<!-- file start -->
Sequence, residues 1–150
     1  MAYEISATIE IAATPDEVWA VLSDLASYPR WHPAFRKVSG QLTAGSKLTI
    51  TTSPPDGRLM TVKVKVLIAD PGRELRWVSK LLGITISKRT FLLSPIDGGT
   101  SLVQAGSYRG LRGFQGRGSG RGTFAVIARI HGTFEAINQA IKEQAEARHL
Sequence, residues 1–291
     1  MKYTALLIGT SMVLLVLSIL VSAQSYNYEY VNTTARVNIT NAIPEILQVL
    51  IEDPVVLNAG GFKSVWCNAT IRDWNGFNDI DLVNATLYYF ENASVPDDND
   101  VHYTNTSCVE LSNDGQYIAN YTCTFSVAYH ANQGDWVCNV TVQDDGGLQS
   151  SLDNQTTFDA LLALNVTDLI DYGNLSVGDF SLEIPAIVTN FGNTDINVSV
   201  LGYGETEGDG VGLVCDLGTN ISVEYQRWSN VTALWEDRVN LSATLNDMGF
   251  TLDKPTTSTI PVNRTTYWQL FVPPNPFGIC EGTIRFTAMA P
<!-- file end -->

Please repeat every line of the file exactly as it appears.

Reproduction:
Sequence, residues 1–150
     1  MAYEISATIE IAATPDEVWA VLSDLASYPR WHPAFRKVSG QLTAGSKLTI
    51  TTSPPDGRLM TVKVKVLIAD PGRELRWVSK LLGITISKRT FLLSPIDGGT
   101  SLVQAGSYRG LRGFQGRGSG RGTFAVIARI HGTFEAINQA IKEQAEARHL
Sequence, residues 1–291
     1  MKYTALLIGT SMVLLVLSIL VSAQSYNYEY VNTTARVNIT NAIPEILQVL
    51  IEDPVVLNAG GFKSVWCNAT IRDWNGFNDI DLVNATLYYF ENASVPDDND
   101  VHYTNTSCVE LSNDGQYIAN YTCTFSVAYH ANQGDWVCNV TVQDDGGLQS
   151  SLDNQTTFDA LLALNVTDLI DYGNLSVGDF SLEIPAIVTN FGNTDINVSV
   201  LGYGETEGDG VGLVCDLGTN ISVEYQRWSN VTALWEDRVN LSATLNDMGF
   251  TLDKPTTSTI PVNRTTYWQL FVPPNPFGIC EGTIRFTAMA P